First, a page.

In Harleysville Worcester Insurance Company v. Sharma, et. al, the U.S. District Court for the Eastern District of New York found that a question of fact existed as to whether a doctor accused of sexual abuse possessed the requisite intent to commit the act due to his medical condition.

In the underlying action, the doctor, his wife, and his practice, Caring Medical, were sued by the claimant. The insurer, Harleysville, argued that the assault was not accidental, and thus did not constitute an “occurrence” as that term is defined under the policy. Conversely, the insureds argued that the incident was a covered “occurrence” because due to his medical condition, the doctor did not possess the capacity to form the requisite intent to commit the alleged sexual assault. Harleysville responded that the doctor’s medical condition was irrelevant as intent is inferred from the nature of the act, citing Dodge v. Legion Ins. Co. Harleysville also argued that the expected or intended injury exclusion precluded coverage.

Shortly after the alleged incident, the doctor was hospitalized after complaints of weakness, headache, dizziness, slurred speech, nausea and difficulty swallowing. Per his medical records, over the last year the doctor experienced migraines, depression, cognitive decline and changes in level of consciousness. The court found that there was insufficient evidence to determine the doctor’s medical condition on the date of the incident or the effect his condition had on his capacity to form intent. The court noted that neither side introduced admissible expert testimony opining whether the doctor was incapacitated on the date in question. Accordingly, the court found that the doctor’s ability to form the requisite intent on the date of the incident was a material issue of fact and denied the parties’ motions for summary judgment.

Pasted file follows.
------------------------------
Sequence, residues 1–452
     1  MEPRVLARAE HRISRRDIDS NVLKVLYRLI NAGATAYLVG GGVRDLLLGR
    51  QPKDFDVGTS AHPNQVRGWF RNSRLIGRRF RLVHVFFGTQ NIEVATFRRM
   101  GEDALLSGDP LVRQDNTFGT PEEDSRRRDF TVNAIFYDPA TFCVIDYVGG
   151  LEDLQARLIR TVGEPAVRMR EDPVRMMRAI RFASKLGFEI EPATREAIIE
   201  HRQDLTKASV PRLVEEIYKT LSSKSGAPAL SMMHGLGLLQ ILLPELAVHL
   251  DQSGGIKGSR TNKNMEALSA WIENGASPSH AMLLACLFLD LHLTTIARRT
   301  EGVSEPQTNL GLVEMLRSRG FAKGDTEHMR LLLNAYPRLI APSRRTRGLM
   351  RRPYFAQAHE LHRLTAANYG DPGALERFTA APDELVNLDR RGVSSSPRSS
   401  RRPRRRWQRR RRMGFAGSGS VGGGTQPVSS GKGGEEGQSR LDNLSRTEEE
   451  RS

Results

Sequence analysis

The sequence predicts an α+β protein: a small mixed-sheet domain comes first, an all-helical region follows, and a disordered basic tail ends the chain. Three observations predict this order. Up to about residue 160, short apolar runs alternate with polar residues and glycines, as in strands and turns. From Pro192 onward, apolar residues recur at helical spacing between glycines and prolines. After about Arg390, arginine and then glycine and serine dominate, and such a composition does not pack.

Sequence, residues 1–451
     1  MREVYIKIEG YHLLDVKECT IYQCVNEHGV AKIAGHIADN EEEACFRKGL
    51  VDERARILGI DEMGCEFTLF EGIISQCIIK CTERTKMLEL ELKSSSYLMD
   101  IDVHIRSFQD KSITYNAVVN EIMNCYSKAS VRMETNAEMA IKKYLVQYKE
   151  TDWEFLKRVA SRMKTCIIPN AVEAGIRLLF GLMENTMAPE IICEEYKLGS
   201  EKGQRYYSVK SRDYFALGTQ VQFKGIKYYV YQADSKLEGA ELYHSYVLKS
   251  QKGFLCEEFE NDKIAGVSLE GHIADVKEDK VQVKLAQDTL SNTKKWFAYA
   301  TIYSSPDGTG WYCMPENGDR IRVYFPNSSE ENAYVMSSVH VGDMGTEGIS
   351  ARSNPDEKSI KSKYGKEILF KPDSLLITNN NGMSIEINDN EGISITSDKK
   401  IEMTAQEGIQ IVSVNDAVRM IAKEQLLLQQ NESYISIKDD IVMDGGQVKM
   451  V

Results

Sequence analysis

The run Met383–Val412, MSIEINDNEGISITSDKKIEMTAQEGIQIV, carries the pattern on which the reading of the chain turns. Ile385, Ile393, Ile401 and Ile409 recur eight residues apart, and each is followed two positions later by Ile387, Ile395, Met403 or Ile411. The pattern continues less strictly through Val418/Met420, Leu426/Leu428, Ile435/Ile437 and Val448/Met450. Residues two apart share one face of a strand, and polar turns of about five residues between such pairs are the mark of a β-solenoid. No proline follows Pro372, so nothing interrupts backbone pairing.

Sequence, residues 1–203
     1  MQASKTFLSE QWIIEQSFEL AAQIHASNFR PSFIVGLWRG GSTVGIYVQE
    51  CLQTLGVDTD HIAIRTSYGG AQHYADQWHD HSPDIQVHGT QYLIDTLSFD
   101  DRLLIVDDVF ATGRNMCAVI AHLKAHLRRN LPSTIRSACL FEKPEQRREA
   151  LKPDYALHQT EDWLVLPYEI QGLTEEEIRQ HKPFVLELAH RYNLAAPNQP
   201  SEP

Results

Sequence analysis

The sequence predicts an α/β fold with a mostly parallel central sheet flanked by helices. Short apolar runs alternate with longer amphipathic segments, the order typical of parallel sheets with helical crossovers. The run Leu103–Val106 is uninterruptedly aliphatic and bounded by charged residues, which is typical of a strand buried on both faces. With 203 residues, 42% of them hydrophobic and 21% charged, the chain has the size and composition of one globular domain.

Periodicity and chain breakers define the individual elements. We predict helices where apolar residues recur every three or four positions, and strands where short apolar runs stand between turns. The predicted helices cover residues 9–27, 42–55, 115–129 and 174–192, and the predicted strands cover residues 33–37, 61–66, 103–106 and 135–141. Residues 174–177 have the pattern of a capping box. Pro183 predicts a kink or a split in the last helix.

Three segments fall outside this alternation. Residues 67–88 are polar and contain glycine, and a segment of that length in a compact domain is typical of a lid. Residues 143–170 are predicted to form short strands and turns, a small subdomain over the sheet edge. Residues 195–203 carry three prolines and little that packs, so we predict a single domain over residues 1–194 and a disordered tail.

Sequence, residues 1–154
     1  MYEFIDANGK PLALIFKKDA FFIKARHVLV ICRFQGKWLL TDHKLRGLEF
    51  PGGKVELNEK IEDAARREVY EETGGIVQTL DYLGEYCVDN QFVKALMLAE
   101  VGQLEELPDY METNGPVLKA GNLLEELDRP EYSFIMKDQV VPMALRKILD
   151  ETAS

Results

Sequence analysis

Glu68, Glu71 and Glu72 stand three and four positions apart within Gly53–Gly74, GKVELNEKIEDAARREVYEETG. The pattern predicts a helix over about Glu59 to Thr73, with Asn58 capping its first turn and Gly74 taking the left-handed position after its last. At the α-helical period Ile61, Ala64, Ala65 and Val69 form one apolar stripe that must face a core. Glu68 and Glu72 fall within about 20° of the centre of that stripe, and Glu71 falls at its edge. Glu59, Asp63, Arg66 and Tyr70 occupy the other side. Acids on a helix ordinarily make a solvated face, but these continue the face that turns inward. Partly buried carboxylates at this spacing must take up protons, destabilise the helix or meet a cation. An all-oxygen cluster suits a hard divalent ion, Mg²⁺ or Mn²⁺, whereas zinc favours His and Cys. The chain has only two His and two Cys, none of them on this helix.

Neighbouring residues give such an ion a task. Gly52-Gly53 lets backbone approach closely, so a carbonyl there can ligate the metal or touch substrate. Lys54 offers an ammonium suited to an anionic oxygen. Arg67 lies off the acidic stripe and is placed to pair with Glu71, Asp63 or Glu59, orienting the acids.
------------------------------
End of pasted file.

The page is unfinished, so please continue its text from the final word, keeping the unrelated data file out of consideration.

The court noted that whether the expected or intended exclusion applied was premature, but nonetheless briefly addressed its applicability. The court explained that although the court in Allstate Ins. Co. v. Mugavero found that harm is inferred regardless of the person’s subjective intent, the case does not stand for the proposition that the act itself is always intentional. The court explained that the instant the case was distinguishable from those cases where none of the parties contended that the sexual conduct could have been anything other than intentional because the doctor’s capacity to form the requisite intent was at issue. The court concluded that if it is ultimately determined that the doctor acted intentionally, harm will be inferred from the act.

The Sharma decision demonstrates that the determination of an actor’s capacity may bear on whether the actor engaged in conduct that courts ordinarily presume is intentional. Parties should consult with counsel to assess whether a certain claim may fall within coverage based on the facts and relevant case law.